Stopping yourself mid-action can make you take fewer risks: study

Carolyn Morris
Shine On

You may be one of those people who's not afraid of taking risks when it comes to the stock market, or a trip to the casino. But if you're forced to use some physical self-control, you just might become a little more cautious when it comes to gambling.

This is what researchers from the University of Exeter and Cardiff University found in a series of experiments on gambling and motor control. Their results are published in the journal Psychological Science.

"Our research shows that by training themselves to stop simple hand movements, people can also learn to control their decision-making processes to avoid placing risky bets," says the study's lead researcher and University of Exeter psychologist Frederick Verbruggen.

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In the first exercise, Verbruggen and his colleagues paid 44 people to play a gambling video game, and told them they could also keep the small amounts of money won during the game. The participants bet on six rising columns that represented values of money. The larger the sums of money, the lower the odds, thus the greater the risk.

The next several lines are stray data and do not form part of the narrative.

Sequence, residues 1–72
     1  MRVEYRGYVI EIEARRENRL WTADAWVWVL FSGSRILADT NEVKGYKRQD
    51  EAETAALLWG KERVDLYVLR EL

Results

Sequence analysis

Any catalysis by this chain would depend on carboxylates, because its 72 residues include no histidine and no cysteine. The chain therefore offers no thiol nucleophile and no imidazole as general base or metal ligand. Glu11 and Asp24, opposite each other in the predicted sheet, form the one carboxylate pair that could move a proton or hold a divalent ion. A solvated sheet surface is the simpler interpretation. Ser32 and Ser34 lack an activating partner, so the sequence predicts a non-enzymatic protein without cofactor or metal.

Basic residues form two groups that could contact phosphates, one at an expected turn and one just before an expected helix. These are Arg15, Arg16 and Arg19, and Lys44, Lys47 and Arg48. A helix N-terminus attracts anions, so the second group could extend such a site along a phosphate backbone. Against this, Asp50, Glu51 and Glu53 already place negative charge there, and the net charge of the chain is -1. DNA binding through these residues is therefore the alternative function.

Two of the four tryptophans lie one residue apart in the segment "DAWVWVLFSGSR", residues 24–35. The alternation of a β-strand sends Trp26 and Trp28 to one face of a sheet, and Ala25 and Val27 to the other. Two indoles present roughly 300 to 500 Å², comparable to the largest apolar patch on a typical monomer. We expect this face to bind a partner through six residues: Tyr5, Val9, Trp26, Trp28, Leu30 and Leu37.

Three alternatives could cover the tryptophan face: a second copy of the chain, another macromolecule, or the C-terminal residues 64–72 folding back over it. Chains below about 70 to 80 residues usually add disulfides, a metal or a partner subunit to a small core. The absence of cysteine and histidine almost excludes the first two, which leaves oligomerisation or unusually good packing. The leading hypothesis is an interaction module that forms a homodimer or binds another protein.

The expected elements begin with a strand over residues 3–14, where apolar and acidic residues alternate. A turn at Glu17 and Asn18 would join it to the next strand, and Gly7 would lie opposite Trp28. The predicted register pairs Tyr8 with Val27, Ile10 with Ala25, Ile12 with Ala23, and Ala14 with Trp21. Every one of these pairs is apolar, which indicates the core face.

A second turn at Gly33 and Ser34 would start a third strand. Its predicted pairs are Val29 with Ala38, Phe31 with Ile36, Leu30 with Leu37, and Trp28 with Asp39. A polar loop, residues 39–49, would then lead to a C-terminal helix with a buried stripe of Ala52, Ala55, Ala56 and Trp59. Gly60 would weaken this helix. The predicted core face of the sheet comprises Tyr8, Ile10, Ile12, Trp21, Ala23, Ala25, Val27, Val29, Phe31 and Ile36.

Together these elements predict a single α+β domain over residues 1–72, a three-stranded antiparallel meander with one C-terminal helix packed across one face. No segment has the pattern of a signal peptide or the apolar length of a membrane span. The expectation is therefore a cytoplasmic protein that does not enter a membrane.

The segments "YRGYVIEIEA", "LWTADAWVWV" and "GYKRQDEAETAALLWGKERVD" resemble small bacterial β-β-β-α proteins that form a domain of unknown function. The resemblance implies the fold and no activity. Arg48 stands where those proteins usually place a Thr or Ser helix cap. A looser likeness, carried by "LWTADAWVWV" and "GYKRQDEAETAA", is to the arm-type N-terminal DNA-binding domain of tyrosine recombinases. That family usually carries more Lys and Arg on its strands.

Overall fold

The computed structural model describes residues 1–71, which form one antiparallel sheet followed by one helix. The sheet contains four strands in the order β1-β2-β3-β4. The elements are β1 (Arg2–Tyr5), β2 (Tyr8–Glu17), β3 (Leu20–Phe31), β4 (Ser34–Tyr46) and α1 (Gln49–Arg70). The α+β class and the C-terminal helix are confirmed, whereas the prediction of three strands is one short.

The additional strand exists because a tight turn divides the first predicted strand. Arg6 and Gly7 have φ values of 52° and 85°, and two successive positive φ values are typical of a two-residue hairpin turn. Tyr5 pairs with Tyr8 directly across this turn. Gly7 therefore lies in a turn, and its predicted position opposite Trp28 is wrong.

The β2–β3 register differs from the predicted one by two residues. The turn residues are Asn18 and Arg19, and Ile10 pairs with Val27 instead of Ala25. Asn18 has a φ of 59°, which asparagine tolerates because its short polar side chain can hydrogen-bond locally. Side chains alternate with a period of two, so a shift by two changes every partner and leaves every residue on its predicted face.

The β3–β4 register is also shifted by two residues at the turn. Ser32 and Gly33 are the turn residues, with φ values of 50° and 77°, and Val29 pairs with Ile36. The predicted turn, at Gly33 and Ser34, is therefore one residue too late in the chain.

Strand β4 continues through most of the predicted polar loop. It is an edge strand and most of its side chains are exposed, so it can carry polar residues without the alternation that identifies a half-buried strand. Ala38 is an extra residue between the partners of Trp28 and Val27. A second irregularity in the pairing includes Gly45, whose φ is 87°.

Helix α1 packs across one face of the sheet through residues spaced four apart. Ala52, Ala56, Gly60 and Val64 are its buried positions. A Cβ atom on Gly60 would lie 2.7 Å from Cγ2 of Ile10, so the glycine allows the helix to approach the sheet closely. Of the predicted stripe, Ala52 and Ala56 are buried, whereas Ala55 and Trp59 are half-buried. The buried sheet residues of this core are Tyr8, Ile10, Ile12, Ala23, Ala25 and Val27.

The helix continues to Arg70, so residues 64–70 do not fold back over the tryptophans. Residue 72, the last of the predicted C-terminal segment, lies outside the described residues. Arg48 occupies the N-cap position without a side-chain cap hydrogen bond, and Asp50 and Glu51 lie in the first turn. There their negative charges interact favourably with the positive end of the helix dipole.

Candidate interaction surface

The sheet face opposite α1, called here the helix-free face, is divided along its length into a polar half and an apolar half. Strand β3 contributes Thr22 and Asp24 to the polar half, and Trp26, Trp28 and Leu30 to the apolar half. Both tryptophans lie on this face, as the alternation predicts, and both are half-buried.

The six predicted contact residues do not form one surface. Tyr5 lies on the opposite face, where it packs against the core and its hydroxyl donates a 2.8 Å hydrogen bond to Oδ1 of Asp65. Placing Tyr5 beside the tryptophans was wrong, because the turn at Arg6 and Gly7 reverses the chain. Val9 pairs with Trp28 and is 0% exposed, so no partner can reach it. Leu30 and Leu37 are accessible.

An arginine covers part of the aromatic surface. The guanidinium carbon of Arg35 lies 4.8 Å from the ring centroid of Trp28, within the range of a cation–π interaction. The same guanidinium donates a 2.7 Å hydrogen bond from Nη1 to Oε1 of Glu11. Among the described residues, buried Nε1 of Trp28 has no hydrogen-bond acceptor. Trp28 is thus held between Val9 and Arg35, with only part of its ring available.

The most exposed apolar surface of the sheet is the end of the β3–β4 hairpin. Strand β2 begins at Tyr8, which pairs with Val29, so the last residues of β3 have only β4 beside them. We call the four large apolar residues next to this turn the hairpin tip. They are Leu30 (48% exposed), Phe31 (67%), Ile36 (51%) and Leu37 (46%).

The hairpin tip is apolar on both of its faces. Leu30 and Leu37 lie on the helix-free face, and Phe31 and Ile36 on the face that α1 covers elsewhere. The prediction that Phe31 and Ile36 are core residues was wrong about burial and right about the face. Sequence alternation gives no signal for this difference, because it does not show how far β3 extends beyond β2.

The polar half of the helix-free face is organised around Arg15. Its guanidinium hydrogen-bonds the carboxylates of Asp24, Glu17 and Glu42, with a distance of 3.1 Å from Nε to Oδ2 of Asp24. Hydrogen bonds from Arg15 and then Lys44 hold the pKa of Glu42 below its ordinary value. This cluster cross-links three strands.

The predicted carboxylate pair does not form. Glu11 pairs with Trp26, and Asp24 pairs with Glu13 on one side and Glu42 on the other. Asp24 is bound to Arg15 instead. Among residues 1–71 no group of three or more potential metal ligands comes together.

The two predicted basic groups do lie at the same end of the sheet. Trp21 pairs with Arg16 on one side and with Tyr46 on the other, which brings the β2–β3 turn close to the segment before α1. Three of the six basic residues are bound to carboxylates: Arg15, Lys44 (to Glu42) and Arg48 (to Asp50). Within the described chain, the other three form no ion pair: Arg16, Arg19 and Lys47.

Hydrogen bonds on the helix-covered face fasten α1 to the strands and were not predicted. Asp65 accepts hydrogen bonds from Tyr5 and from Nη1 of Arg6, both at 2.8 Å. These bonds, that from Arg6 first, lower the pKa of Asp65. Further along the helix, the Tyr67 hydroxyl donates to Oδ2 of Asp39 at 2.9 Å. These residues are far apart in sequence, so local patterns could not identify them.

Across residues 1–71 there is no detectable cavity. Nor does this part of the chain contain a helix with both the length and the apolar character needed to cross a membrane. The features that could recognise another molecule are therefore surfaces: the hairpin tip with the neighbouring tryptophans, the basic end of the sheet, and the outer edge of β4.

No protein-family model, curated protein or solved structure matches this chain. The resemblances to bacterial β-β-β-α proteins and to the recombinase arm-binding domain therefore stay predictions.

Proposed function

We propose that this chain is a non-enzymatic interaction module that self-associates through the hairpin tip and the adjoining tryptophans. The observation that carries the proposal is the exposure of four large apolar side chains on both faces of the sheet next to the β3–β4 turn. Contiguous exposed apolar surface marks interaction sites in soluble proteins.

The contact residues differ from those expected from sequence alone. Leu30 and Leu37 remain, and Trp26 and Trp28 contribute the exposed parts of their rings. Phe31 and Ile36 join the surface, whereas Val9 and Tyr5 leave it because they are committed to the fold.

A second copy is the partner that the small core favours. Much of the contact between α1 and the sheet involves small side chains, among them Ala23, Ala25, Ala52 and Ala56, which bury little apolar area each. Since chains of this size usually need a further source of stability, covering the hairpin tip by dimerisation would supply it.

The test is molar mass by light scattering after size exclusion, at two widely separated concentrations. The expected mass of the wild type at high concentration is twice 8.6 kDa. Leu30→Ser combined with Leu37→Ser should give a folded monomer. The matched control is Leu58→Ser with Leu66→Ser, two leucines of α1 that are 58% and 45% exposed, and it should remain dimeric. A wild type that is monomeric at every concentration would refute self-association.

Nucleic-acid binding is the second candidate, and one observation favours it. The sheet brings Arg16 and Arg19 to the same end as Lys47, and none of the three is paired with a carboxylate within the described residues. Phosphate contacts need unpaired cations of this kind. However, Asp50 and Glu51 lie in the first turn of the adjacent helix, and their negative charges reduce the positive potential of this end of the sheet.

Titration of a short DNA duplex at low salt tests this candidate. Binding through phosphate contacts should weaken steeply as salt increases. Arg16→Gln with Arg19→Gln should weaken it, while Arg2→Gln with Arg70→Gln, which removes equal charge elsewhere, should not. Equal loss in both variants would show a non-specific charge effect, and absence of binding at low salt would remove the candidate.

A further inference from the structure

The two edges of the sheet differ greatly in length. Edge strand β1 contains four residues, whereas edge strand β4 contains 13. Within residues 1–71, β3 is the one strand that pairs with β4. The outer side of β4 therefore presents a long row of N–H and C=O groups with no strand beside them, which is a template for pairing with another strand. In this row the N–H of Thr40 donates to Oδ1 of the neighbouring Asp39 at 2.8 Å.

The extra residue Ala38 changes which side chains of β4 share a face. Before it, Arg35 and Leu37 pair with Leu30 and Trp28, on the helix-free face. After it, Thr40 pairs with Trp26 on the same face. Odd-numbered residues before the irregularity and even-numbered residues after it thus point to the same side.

While one group was given the extra task of pressing another button if the colour of the bars changed, another was told to refrain from pushing buttons if that happened.

These buttons didn't directly affect the betting, these were separate tasks. However, those who had to refrain from pushing buttons were less likely to opt for the riskier bets. The same results held in subsequent experiments where the inhibition exercise took place two hours before the gambling test.

This research shows that physical inhibition exercises can lower risk-taking in healthy volunteers — and not necessarily in people with gambling addictions. But researchers believe their findings could potentially lead to new types of therapy.

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"This work could have important practical implications for the treatment of behavioural addictions, such as pathological gambling, which have previously been associated with impaired impulse control," says Verbruggen.

In fact, a separate study has shown that Dutch college students with a tendency for heavy beer drinking reduced their consumption when they had to refrain from pressing computer keys in response to beer-related images.

So could new addiction therapy come in the form of a video game? Or might that create the potential for yet another vice.

Watch the video below about some vices that in some way are actually good for men.